We made day trips to the graceful walled town of Montreuil-sur-Mer (ten miles inland, despite its name) and the seaside resorts of Le Touquet and Berck which, even when wind-blown in the autumn and empty of tourists, retained a certain elegance thanks to soft expanses of beach and wide avenues lined with chocolate shops, icecream parlours and upmarket bars.
Café Leffe in Le Touquet was especially baby-friendly; while Steve tucked into a bowl of mussels steamed in white wine and I tore chunks from my woodfired pizza, the waiter entertained Vincent with funny faces and, unprompted, washed up his bowl, spoon and bib at the end of our dinner.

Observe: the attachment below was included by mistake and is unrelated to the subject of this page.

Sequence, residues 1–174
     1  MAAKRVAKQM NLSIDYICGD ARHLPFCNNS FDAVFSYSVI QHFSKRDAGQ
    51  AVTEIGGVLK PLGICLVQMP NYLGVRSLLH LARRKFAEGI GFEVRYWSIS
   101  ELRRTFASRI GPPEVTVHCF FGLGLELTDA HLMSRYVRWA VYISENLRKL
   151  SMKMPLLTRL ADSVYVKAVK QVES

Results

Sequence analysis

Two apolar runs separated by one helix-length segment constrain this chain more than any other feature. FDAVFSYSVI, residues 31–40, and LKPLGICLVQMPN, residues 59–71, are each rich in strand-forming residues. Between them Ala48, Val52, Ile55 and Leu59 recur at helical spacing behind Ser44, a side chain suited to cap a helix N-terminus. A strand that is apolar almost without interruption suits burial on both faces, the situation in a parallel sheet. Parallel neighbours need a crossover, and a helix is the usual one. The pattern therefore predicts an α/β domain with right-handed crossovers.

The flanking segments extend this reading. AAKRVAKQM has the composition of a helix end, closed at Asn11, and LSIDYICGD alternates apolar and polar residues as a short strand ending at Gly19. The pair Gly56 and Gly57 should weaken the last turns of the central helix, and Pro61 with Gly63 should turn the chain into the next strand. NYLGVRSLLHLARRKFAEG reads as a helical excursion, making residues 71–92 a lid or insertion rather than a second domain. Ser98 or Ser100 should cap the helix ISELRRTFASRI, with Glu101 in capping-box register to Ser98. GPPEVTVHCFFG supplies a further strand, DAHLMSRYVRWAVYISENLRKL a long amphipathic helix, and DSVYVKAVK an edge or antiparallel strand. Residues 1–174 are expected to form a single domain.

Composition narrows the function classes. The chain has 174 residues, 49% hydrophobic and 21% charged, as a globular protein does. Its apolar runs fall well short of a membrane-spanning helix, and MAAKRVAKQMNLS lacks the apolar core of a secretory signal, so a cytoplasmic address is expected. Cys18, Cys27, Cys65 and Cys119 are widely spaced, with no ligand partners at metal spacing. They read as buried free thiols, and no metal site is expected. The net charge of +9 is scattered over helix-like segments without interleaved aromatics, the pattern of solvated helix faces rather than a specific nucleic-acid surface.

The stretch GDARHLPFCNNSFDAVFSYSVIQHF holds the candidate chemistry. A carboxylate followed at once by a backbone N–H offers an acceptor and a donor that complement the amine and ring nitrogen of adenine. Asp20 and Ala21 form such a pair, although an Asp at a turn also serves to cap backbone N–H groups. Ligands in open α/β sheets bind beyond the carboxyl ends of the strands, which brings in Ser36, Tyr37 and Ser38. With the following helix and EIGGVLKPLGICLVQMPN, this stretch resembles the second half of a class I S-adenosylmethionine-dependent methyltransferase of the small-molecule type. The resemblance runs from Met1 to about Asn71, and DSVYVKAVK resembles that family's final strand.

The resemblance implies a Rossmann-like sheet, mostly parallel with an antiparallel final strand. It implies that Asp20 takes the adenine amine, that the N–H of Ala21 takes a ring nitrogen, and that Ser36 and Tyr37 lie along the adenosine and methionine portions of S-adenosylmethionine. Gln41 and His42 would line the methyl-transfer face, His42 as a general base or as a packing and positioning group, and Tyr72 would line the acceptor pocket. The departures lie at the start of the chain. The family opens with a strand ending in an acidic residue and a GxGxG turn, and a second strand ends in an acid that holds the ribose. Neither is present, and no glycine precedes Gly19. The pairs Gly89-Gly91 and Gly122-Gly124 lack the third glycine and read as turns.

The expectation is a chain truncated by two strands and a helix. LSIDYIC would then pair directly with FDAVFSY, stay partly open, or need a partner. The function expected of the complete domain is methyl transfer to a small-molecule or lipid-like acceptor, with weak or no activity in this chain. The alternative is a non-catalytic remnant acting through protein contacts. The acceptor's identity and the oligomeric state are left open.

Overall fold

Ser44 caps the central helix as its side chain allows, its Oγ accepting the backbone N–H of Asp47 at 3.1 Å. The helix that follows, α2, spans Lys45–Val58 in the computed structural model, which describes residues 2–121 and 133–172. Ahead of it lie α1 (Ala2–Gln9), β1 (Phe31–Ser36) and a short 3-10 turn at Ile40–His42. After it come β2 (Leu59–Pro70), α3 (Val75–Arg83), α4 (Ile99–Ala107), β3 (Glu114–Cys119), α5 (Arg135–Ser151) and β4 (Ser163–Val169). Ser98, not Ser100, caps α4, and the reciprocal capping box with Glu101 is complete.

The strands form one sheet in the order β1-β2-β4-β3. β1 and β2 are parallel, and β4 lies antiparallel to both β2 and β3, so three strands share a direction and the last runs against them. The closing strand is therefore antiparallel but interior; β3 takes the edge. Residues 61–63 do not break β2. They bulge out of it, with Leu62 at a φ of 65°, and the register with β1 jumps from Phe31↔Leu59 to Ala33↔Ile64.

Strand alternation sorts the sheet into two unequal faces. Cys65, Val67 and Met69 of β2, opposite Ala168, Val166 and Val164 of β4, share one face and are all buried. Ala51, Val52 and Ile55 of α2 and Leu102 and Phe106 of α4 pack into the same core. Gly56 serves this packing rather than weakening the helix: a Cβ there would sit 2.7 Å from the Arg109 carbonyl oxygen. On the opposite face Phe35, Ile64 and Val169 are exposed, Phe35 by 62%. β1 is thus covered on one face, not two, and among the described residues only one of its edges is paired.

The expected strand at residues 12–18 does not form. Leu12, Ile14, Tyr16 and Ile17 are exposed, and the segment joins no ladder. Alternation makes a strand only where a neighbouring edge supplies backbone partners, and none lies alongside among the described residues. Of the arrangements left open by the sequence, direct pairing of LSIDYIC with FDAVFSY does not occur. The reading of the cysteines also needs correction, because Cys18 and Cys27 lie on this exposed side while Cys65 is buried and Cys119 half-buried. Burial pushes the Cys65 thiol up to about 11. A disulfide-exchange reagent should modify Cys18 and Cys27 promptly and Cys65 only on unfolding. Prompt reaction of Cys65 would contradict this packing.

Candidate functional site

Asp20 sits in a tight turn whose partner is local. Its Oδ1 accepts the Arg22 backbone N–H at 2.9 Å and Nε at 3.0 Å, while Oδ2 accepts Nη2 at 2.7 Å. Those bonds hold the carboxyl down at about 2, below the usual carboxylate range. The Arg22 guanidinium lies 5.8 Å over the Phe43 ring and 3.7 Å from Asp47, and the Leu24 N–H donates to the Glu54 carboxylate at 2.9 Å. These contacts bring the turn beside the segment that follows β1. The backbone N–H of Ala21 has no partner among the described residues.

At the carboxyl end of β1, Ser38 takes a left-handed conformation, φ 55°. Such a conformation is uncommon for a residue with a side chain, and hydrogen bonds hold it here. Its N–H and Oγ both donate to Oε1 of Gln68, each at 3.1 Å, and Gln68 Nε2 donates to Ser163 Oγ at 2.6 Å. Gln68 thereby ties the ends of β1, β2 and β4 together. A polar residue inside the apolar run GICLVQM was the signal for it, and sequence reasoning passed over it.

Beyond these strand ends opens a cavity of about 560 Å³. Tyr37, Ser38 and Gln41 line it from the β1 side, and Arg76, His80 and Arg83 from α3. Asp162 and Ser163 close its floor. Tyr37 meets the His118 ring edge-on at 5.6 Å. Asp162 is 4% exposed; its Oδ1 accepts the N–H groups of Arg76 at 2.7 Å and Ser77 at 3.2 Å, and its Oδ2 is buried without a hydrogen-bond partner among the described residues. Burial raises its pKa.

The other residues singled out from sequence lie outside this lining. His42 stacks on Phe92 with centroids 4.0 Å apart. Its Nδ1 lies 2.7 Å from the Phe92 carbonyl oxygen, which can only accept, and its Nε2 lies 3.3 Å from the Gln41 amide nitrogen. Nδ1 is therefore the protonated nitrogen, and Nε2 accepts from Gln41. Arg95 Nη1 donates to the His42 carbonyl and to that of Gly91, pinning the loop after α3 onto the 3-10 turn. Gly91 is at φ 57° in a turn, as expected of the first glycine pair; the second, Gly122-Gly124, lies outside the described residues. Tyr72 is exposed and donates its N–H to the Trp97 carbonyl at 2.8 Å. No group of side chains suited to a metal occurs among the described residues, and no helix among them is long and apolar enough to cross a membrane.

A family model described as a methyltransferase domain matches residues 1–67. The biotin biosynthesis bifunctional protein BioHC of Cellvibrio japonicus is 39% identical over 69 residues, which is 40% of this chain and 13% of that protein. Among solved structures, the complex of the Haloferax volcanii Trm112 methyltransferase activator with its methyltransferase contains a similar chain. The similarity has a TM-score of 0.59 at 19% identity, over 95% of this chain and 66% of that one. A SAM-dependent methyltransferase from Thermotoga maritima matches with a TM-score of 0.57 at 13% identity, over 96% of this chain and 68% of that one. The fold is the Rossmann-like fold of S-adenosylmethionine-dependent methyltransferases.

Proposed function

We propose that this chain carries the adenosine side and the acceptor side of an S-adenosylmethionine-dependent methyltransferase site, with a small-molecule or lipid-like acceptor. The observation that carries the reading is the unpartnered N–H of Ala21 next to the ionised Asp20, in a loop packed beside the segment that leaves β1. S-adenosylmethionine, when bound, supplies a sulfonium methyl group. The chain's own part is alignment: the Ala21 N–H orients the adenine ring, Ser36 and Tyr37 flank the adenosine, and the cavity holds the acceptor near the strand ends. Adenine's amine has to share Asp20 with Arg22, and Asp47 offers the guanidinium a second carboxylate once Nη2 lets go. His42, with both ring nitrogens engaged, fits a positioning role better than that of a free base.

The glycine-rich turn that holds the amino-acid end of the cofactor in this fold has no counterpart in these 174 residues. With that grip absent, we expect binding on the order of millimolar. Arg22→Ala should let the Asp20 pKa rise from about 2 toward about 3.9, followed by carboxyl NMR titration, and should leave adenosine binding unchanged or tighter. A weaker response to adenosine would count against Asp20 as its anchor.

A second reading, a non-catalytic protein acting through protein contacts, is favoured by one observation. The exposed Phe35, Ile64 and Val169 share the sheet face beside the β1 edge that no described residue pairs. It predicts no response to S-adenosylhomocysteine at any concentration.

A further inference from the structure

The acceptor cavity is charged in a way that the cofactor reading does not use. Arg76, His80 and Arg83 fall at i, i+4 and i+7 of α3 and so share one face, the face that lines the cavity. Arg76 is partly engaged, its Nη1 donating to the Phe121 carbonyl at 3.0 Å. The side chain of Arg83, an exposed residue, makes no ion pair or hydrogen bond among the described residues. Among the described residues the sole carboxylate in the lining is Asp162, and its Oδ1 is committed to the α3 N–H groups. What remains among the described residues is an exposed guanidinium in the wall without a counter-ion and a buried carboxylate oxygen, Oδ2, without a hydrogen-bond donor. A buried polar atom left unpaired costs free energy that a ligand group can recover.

During this holiday I became a lot less precious about making all of Vincent’s meals from scratch. Ready-made baby food felt easier and safer to serve during long days out and – amusingly – he preferred much of it to my cooking.
While returning from Le Touquet we got stuck down a narrow farm track in soupe de fog. It would have felt like an adventure but, with a tired baby in the back of the car and less than a hand’s span of visibility out the front, I got nervous. I felt guilty. We crawled for over 40 minutes until two combine harvesters emerged from the gloom and flooded the night with light, unintentionally escorting us almost all the way to Primrose Cottage.